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Water in Mining 2006

Conference Proceedings

Water in Mining 2006

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The Collie River Diversion and Salinity Recovery Project - A Case Study in Competing Values in a Competing Environment

The Collie River catchment, located approximately 200 km south of Perth, covers an area of around 2830 km2 and is the source of run-off to the Wellington Dam, an important irrigation water resource for the Collie Irrigation District._x000D_
The salinity of the Wellington Dam has increased due to historical clearing and irrigators currently use water with salinity levels approximately twice that of the Murray River in South Australia (Water and Rivers Commission, 2001)._x000D_
The Collie River Salinity Situation Statement (2001), released by the Water and Rivers Commission (now the Department of Water), identified realistic actions that could achieve the salinity reduction target._x000D_
Subsequent benefit-cost analyses and prefeasibility studies recommended the diversion of the most saline flows in the Collie River away from the dam as an immediate intervention (URS, 2003)._x000D_
The East Branch of the Collie River above the locality of Buckingham (20 km east of Collie) contributes around half of the salt that flows into the Wellington Dam and the diversion and storage of the saltiest flows from the East Branch at Buckingham was identified as a viable option for reducing salinity in Wellington Dam._x000D_
The proposal had one problem - the water could not be disposed of as quickly as it was diverted. However, in the vicinity of the diversion site were a number of coal mine voids and after preliminary discussions, the Government/Griffin Coal alliance was formed and from this the opportunities have continued._x000D_
Diverted water would be stored temporarily in an adjacent mine void (Chicken Creek 4 void) and then disposed of to the sea. The disposal options included Western Power Corporation's saline discharge pipeline from Collie Power Station, or a new pipeline._x000D_
The diverted water was also identified as a potential raw source for treatment and use in industry. This has opened up opportunities including desalination, water efficiencies in the power stations, increased reliability of water supply for the power stations, water for new industries, wastewater disposal options and extra water for Perth's water supply._x000D_
In the process of solving the water storage problems the project introduced a range of mine water quality problems - heavy metals and pH - and the Department of Water (DoW) is now working with the mining industry and the Centre for Sustainable Mine Lakes (CSML) to develop treatment and management technologies._x000D_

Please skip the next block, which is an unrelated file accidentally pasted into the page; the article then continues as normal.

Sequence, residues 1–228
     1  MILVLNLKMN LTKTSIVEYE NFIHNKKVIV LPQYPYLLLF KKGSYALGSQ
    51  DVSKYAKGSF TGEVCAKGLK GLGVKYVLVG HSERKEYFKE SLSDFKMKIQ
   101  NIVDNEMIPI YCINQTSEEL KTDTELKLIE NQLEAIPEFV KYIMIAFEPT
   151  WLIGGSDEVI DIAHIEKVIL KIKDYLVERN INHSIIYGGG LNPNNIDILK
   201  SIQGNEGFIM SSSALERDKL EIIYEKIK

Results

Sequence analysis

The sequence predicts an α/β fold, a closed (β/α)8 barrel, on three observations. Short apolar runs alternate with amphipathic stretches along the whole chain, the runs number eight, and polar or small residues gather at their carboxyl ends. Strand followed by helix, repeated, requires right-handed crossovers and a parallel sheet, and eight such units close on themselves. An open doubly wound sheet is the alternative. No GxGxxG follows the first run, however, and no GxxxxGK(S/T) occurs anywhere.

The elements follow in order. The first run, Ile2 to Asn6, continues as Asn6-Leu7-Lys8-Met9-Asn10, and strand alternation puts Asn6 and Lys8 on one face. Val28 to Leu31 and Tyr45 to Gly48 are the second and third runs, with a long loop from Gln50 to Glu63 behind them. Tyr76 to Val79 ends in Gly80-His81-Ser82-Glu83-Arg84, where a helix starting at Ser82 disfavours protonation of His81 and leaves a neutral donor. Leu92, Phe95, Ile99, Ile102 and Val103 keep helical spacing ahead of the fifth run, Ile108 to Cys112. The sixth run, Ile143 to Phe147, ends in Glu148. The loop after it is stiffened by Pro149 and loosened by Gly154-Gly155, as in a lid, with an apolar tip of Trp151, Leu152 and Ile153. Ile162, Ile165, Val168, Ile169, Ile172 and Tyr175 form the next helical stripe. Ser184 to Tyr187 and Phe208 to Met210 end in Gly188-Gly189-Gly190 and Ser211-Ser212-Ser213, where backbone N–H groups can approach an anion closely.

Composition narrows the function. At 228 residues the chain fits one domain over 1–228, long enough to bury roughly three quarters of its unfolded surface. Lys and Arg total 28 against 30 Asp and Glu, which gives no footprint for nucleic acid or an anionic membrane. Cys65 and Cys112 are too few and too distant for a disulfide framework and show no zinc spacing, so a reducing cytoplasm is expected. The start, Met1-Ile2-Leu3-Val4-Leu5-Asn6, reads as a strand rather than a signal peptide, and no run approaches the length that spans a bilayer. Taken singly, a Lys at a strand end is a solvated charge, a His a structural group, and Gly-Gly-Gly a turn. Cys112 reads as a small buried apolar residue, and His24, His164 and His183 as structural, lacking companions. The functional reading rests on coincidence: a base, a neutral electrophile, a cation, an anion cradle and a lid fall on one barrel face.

The project has received support and funding through the National Action Plan for Salinity and Water Quality (NAP) and it has been possible to accelerate and enhance this project as a result of NAP._x000D_
The DoW has developed the proposal to an advanced stage and gained approvals for the capital diversion program to go ahead. The partnerships have expanded to include the second mining company, Premier Coal, the Water Corporation, Western Power and the Harvey Irrigation Cooperative. The proposal could feasibly result in a $90 million integrated water management initiative for Collie using the latest technology, mining operations and providing water for value adding industries in the local area._x000D_
The DoW is not a mining company; however, our experience in managing water in times of shortage, environmental water quality criteria, competition for water and managing community expectations will have the same success factors: consultation and knowing your community and stakeholders, sharing issues and working in partnership can provide results far greater than the initial issue, even brackish water has value, every sector is in competition with each other and has to have a share of the water, an integrated approach can provide opportunities for development in areas of water shortage, and never think of water as wastewater._x000D_
FORMAL CITATION:Tingey, W and Sparks, T, 2006. The Collie River diversion and salinity recovery project - a case study in competing values in a competing environment, in Proceedings Water in Mining 2006, pp 205-208 (The Australasian Institute of Mining and Metallurgy: Melbourne).
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  • Published: 2005
  • PDF Size: 1.346 Mb.
  • Unique ID: P200610028

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